Impact of Suspension Design on the Strain Field in a Truck Auxiliary Axle 2004-01-2715
This paper investigates eight suspension design factors used to support non-driven axles and their impact on suspension strain field. The particular suspensions are of a trailing arm and air spring design. These auxiliary suspensions are commonly added to give extra weight carrying capacity to medium and heavy commercial vehicles.
Eight design factors were studied. From the investigation, the main factors and seven two-way interactions were ranked by their effect on the strain in the axle according to strain gage location and road test type.
Two approaches were taken to study the impact of the design factors. The first approach was to develop computer code to model a two-degree of freedom (2DOF) bi-linear system. The design factors of the suspension that can be modeled in the simplified 2DOF system were input into the computer code using a full factorial design of experiment. The mathematical model uses road displacement input to predict the motions of the axle mass and the trailer mass, which is then converted into strain in the axle.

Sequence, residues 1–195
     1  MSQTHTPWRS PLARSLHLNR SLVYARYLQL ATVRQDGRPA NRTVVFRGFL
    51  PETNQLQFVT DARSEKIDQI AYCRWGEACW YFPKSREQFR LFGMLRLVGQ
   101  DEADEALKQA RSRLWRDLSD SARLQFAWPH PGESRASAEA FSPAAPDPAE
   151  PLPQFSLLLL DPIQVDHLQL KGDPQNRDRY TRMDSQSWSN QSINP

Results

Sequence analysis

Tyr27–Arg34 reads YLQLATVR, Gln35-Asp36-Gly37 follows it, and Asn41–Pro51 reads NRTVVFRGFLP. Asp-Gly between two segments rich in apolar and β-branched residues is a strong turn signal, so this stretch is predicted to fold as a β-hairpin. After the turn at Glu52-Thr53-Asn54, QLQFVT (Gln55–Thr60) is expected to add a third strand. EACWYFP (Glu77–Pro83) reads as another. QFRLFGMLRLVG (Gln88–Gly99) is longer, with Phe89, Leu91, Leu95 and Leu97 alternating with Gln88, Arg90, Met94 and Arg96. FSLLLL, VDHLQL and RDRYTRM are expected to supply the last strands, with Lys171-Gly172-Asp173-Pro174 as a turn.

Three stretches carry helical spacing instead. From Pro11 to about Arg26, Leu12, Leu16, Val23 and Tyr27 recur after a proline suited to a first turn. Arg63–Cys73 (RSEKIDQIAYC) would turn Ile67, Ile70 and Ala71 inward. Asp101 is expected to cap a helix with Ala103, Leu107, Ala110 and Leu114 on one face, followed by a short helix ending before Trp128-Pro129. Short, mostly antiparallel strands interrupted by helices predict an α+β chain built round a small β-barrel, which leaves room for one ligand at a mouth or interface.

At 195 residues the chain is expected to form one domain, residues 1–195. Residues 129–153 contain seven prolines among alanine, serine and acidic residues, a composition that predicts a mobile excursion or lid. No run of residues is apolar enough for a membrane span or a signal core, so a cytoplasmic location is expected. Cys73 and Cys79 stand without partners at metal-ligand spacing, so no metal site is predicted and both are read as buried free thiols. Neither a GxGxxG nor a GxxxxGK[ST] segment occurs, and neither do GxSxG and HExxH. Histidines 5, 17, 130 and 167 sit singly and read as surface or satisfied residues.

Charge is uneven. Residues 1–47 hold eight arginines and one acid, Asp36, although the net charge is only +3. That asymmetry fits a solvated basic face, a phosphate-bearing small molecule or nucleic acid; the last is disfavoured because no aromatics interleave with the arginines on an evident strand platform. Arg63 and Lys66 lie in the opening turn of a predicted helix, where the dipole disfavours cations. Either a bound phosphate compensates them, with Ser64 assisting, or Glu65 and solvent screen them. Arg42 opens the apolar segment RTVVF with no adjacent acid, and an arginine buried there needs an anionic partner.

The second approach was to lay strain gages on the axle and collect strain data while the vehicle is in motion. A fractional factorial design of experiment was used to decide which factors of the suspension design or combinations of factors had an effect on the strain field in the axle.